Lopes said he recently issued a public statement urging Branch to step down as president. The committee does not have the power to remove Branch as chair or from the committee entirely, as it would require a public recall vote to do so, according to Lopes.

Southeast Regional School Superintendent Luis Lopes participates in a special school committee meeting for superintendent candidates on Tuesday, April 5, 2022.

“People are innocent until proven guilty,” fellow committee member Robin Zoll of Stoughton told The Enterprise.

An April 12 vote to censure or remove Branch as leader of the elected group failed 5-4, with Branch voting against the motion. He would have trailed 4-4 even without Branch voting for himself.

On Monday, West Bridgewater school board member Susan Sullivan renewed the motion asking Branch to step down as president. After a loud and intense discussion, this vote failed 5-5. Voters on either side were consistent with Branch’s first attempt at censure, with school committee member Michael Pietrowski of Easton, who was absent for the first vote, wavering on his vote, first asking if he could s to abstain, then deciding to join the “yes” voters, asking Branch to relinquish his presidency.

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The secret ballot flouted the law on transparency

Adding to the existing dismay with the branch is an open meeting law violation complaint filed by Sharon school board member Mindy Kempner. Under the guidance of the Branch, committee members had ranked the superintendent nominees by email ballot.

“It’s important that our thought process be public,” Kempner said Monday.

A school council law expert, Jim Hardy of the Massachusetts Association of School Councils, spoke at length on Monday about why the attorney general would likely find the email survey to be in violation of the law and what the board can do. to resolve the situation.

“You can’t have a secret ballot as a public body,” said Hardy, the private association’s longtime field director.

Branch apologized for the vote via email, saying “It won’t happen again.” The board asks his attorney to respond to the attorney general’s office about the incident.

Hardy also said that, legally speaking, Branch was within his rights to vote on motions asking him to step down as president.

What is the next step for research?

As Hardy explained, the school board is in a tight spot to complete its superintendent search.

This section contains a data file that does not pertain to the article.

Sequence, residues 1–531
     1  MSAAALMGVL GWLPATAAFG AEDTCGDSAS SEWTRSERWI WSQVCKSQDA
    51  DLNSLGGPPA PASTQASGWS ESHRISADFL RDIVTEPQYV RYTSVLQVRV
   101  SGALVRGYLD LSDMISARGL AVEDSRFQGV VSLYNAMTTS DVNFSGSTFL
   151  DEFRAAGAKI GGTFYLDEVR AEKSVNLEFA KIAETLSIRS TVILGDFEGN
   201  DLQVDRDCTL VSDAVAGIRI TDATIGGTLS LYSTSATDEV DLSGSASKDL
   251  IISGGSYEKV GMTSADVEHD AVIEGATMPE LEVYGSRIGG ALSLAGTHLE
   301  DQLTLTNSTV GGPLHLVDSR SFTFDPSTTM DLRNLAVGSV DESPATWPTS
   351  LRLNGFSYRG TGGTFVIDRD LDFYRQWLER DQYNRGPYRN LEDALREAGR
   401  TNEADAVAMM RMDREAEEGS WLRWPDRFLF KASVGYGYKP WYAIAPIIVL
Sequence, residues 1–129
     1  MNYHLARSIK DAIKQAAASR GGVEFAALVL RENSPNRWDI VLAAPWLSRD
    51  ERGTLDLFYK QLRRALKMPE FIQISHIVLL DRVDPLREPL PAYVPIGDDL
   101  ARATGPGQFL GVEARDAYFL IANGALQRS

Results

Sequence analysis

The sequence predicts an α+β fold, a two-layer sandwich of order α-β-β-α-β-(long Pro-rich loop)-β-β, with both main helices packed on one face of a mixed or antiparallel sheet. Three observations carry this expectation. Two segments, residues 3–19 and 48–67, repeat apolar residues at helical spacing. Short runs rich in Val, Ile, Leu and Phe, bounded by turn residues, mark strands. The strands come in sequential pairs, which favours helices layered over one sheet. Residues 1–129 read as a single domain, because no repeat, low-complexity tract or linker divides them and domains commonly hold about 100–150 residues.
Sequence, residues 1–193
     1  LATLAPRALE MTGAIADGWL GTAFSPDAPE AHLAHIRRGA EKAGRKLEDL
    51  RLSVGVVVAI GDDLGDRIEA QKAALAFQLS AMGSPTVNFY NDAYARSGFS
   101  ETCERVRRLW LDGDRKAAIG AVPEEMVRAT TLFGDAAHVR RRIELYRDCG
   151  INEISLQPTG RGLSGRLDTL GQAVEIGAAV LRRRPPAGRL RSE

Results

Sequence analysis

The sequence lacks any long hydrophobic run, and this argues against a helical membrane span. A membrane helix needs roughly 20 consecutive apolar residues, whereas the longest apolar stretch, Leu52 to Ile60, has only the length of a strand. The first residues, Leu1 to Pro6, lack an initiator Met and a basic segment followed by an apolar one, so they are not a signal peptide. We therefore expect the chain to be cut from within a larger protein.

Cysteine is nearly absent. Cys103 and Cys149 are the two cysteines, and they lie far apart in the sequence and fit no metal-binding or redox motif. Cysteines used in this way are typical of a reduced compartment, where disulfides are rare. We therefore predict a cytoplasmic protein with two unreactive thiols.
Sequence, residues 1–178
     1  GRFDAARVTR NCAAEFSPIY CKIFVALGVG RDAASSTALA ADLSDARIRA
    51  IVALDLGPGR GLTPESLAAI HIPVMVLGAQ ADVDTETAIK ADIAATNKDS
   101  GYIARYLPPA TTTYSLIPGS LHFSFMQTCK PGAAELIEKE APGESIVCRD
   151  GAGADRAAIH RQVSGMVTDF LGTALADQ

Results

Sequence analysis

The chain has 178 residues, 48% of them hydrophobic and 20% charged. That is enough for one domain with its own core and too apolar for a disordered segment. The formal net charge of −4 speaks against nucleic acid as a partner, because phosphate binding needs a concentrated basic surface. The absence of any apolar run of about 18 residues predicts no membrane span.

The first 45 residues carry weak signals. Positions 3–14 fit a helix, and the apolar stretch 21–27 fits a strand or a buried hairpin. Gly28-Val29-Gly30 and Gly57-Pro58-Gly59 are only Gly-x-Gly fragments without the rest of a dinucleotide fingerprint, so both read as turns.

The board voted to continue with the current four finalists, with site visits to both candidate districts and candidate visits to the Southeast. Hardy had recommended the committee winnow two candidates in the interests of time. Many superintendents have contracts specifying how much notice they must give their current districts. Candidates with a 90-day notice period are already not on the table for Southeastern to have a new chief in place by July 1, Hardy noted. Candidates with 60 days notice should be offered the job by May 1, which will not happen.

“It hurts me that we’re so far off schedule,” Foxboro school board member Stephen Udden said, though he voted to continue with four candidates, citing the need to get the job done right.

Two of the four candidates are interns, school board member Christine Gaze said at Monday’s meeting.

how they voted

On Monday, Southeastern School Committee members split 5-5 to urge President Tony Branch to step down:


  • Andrew Heath – East Bridgewater
  • Mindy Kempner – Sharon
  • Michael Pietrowski – Easton
  • Susan Sullivan – West Bridgewater
  • Stephen Udden – Foxboro


  • Tony Branch – Brockton
  • Christine Gaze-Mansfield
  • Barbara Kaplan – Norton
  • Gerson Monteiro – Brockton
  • Robin Zoll-Stoughton

Editor’s Note: We’ve updated this report to remove an allegation that was not included in the original complaint filed by Branch against Kearney.

Email your news tips to reporter Chris Helms at [email protected] or tune in on Twitter at @HelmsNews. Thanks, subscribers. You make this coverage possible. If you are not a subscriber, consider supporting quality local journalism by purchase a digital or print subscription at the Brockton company.